Maria Flynn almost didn’t get the CEO job, because she didn’t ask for it.
Today, she is the leader of a recently acquired biopharmaceutical company, Orbis Biosciences, located in Kansas City, and one of the standout women entrepreneurs in the middle of the United States. But back in 2008, a year after the company was founded, she was working as the company’s chief operating officer and its only full-time employee.
The part-time CEO, Bo Fishback, who was an old friend of hers, decided to step aside.
Flynn was responsible for Orbis’ sales in its first year and for landing the second half of its financing — no easy feat in the tough period just after the start of the Great Recession. She was also a graduate of the University of Chicago’s Booth School of Business, with a prior career in the corporate world. In short, she was a star candidate, at least on paper. She also was effectively leading the company, even though she didn’t have the title.
But there was a problem: She didn’t quite fit the mold, in her eyes, or in those of the companies’ co-founders, Fishback and Cory Berkland, the scientist who had developed Orbis’ drug delivery technology. It wasn’t exactly a conscious decision, Fishback and Flynn said in interviews: Indeed, the trio worked well together, and 12 years later, Fishback says frankly the company would never have succeeded without Flynn at the helm.
But at the time, the team thought they might need to raise money from venture capitalists – and that is much easier to do if you’re a white man. It was the elephant in the room. Without overtly stating it, they were thinking they needed someone who looked like Fishback, he acknowledged.
“I fit the mold. I’m 6’8”, bald, I went to Harvard,” Fishback said. “If you look like that, of course they want to give you money,” referring to venture capitalists.
The other, unspoken obstacle was that Flynn thought of herself as an operator – someone on the inside who “made the trains run on time,” as the saying in business goes – not necessarily as the lead salesperson or lead fundraiser. Of course, her success in those areas spoke for themselves – Flynn just couldn’t hear it, at least at first.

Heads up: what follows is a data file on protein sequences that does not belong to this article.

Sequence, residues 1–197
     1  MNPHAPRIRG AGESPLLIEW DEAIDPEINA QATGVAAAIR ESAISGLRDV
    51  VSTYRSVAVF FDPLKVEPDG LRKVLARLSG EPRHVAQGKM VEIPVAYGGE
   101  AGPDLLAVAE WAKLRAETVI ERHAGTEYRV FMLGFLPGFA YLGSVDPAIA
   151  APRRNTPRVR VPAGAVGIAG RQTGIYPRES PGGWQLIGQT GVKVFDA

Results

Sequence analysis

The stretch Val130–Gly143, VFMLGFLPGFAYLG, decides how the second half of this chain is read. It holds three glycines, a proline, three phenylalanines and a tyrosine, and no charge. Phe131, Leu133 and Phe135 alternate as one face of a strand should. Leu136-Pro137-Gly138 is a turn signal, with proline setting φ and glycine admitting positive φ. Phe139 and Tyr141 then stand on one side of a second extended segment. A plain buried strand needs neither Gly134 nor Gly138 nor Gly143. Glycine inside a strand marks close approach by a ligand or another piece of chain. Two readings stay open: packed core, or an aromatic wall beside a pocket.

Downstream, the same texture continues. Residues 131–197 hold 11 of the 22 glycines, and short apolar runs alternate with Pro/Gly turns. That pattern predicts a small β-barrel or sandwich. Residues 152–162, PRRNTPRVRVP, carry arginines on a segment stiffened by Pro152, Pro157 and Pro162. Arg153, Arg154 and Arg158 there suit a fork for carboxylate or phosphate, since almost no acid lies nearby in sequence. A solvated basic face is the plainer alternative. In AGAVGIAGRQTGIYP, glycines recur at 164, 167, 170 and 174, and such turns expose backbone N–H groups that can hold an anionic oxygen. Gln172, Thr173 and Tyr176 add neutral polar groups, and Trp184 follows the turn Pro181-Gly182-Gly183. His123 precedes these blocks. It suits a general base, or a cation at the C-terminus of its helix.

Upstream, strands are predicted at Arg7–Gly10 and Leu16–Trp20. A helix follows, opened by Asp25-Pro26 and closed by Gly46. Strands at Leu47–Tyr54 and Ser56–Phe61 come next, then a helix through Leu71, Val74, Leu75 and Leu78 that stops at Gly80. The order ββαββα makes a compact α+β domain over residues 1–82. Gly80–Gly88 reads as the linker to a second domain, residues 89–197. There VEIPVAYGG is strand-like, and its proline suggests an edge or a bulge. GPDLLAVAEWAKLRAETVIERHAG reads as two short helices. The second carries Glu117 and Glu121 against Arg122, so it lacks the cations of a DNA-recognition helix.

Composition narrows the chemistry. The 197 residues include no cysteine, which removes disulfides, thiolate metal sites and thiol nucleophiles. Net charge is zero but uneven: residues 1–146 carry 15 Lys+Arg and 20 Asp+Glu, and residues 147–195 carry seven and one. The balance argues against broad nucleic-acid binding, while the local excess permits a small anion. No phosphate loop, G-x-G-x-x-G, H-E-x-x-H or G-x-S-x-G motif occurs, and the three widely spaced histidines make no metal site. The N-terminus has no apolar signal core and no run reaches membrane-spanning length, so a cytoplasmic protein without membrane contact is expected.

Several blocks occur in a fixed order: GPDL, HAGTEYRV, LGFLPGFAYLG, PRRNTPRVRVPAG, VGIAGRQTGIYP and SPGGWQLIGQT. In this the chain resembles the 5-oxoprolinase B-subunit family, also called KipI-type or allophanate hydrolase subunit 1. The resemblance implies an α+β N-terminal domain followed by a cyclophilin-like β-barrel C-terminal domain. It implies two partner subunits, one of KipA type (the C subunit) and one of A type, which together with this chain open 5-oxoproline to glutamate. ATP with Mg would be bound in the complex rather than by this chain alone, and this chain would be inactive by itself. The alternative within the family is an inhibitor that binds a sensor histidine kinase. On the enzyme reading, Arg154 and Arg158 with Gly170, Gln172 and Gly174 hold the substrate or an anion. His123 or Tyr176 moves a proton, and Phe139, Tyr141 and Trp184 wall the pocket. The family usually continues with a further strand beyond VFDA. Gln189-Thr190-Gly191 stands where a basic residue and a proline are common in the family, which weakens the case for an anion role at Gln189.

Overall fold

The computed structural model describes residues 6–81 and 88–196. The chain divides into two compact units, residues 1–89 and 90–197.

Luckily, she spoke often to her mother on the phone. She and her mother had both grown up on a farm in Kansas, in the patriarchal culture of the German community on the Plains. They didn’t come across as forceful. But they both knew how important hard work was, and they were both right more often than not. “If you’re doing the work, take the title,” Juanita Stecklein told her daughter.
Flynn ended up doing just that, and went on over the following 12 years to build a successful company that brought a number of important innovations to market. Orbis has patented technologies to manufacture uniform particles used to make oral and injectable medicines.
The next time you take a drug that has an extended release time – as long as 18 months – thank Flynn and the team at Orbis. It’s particularly important for patients who have a hard time swallowing or taking painful injections, because it enables them to space out taking medications over time, while still receiving the right dose of medicine. Among the people who benefit are the elderly and people with throat cancer.
And parents owe Orbis a special thanks. Asked what she’s proudest of as an innovator, Flynn said, “making pharmaceuticals that are good tasting and easy to swallow for kids. If you have ever tried to get a child to swallow bad tasting medicine when they turn around and vomit all over your carpet, or try to get them to swallow a tablet when they are not ready to, you know what I’m talking about.”
Orbis’ story is a fairly rare case study of a successful woman entrepreneur in a DeepTech company. (We wrote about another, here). It’s also a model of a biotech company that didn’t fall into the trap of trying to fit its business model into the prevailing norms set by software companies. In the early years, as it tried and failed to win venture financing, Orbis kept trying to develop the “killer app,” for its technology. It survived those early years because Flynn was the CEO she was – strong on operations.
Fishback now believes that if they had signed on another CEO in his image – a big, deep-voiced sales-oriented executive – that man probably would have killed the company in a fruitless search for a “killer application” that would have won a lot of venture capital funding but met with little success in the market. As it was, it took the team years to recognize “this was an enabling technology, and we needed a partner to bring it to the market,” he said. “This is a messy process for somebody not comfortable with ambiguity.”
Many biotech firms, and other firms in the DeepTech space, don’t have single killer apps – and they also take longer than the typical venture-capital-funded software company to develop robust products and find their markets. Flynn identified five phases in the company’s development: proprietary technology and intellectual property; demonstrated applications; scaled manufacturing; client licenses; and internal development.
Three Siblings On A Farm
Flynn knew from a fairly early age that she wanted to be an entrepreneur. Reared on a farm in Kansas, she had a strong work ethic, and she liked “the blank page. I like figuring out how to get from A to B,” she said.
In addition to farming, her parents also had their own businesses: Her father was an architect and her mother was an interior designer. With two older brothers, Flynn also wanted to keep up with the boys. “That’s part of my drive,” she said. It was also good practice for working with Fishback and Berkland.